The transition to democracy began in 1990, the year of the legalization of opposition parties and the first free elections. Legislative power is entrusted to a unicameral parliament (the Grande Khural), made up of 76 members and elected every four years by universal suffrage: if a quorum is not reached50% turnout among those entitled to vote, the elections are not considered valid. In 1992, a new Constitution based on democratic principles was adopted and, in 1996, the Democratic Union won the legislative elections for the first time, although the Mongolian People’s Revolutionary Party, heir to the Communist tradition, maintained an important role in the politics of the country, also thanks to the poor preparation and the scarce financial resources of the opposition parties.

The last election, in June 2012, marked the success of the Democratic Party, born from the merger of five opposition political parties. The political situation, however, is far from stable. On the one hand, there are tensions with the Mongolian People’s Party – which succeeded the Revolutionary Party in 2010 – which, contesting the electoral result, launched a series of boycotts of parliamentary activities; on the other hand, there is the growing crisis of the ruling coalition, formed by the Democratic Party and the Coalition for Justice. The latter, born from an offshoot of the old Mongolian People’s Revolutionary Party and opposed to changing the party’s name, withdrew support for the government in December 2012, in protest of the corruption conviction of Nambaryn Enkhbayar, its historical leader. and former president of the country between 2005 and 2009. Successor of Enkhbayar was Tsakhiagiin Elbegdorj.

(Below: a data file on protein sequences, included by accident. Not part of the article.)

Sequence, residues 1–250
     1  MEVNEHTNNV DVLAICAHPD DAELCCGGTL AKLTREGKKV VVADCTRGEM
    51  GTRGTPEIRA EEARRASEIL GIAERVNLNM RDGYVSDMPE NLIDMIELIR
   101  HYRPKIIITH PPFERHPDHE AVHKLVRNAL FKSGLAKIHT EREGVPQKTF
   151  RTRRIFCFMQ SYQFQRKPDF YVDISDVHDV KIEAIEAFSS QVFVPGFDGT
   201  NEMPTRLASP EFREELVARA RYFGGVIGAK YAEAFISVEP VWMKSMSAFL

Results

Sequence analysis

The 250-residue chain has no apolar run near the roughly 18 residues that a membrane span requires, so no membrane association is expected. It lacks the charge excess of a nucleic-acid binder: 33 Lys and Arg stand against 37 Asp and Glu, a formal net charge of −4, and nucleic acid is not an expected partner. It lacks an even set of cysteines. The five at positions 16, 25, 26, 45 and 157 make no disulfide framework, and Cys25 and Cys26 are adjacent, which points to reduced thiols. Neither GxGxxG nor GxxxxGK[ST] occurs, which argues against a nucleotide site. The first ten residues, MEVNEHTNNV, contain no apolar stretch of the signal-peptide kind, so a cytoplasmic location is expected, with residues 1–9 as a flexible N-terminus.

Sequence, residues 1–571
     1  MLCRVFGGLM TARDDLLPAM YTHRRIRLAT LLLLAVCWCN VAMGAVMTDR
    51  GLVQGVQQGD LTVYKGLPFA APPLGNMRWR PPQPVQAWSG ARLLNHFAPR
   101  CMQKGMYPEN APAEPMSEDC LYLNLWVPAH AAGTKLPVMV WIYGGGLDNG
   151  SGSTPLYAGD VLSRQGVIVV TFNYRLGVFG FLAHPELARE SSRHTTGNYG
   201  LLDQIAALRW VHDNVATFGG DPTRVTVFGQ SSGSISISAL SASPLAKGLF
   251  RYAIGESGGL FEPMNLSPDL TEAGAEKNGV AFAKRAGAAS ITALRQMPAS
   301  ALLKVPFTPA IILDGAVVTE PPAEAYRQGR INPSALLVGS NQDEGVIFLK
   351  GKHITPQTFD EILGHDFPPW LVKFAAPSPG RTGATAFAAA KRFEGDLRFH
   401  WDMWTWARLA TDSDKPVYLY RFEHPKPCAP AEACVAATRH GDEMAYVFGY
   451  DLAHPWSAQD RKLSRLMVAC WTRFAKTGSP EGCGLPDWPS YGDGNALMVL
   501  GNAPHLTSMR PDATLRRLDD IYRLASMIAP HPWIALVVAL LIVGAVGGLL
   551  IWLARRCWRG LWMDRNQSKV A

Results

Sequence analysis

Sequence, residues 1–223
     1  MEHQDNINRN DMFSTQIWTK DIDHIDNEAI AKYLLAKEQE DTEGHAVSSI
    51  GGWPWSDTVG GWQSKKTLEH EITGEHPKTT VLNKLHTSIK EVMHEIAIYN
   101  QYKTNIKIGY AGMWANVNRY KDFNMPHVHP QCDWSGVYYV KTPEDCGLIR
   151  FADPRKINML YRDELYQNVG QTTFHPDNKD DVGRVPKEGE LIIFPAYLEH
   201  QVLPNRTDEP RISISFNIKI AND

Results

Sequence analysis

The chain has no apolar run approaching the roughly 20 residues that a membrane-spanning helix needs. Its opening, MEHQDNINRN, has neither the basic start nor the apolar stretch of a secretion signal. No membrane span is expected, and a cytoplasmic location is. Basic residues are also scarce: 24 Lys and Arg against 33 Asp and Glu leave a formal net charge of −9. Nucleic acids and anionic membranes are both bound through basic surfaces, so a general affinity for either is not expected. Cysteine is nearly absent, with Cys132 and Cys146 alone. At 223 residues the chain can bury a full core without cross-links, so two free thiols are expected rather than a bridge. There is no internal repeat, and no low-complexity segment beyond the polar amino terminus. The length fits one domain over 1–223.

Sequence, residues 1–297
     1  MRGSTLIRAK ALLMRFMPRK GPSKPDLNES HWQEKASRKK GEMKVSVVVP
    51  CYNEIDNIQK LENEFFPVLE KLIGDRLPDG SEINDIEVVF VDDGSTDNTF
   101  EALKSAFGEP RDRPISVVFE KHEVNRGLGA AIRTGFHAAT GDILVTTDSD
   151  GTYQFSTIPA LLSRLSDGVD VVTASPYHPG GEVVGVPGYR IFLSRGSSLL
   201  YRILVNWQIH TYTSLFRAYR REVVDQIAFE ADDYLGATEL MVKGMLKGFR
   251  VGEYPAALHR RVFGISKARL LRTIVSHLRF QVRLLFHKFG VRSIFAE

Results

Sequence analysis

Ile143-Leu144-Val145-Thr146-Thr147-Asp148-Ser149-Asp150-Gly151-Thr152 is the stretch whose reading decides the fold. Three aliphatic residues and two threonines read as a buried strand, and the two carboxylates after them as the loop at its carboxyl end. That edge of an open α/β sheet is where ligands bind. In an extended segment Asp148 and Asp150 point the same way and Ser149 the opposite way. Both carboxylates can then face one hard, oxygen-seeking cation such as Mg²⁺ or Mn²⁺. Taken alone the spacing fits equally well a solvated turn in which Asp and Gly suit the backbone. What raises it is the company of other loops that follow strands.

Inner Mongolia

On October 27, 1937, the Japanese gathered in Kueihya (Suiyüan) an assembly of 300 delegates – under the presidency of Prince Yun – who unanimously approved the creation of the new confederal government of Mongolia. This was given the name of Meng Kiang (Chinese: “brand” or “Mongolian border”) and as the capital, from November 22, 1937, was designated Khalgan. The new state was definitively organized on 1 September 1939 and this arrangement maintained throughout the Japanese occupation.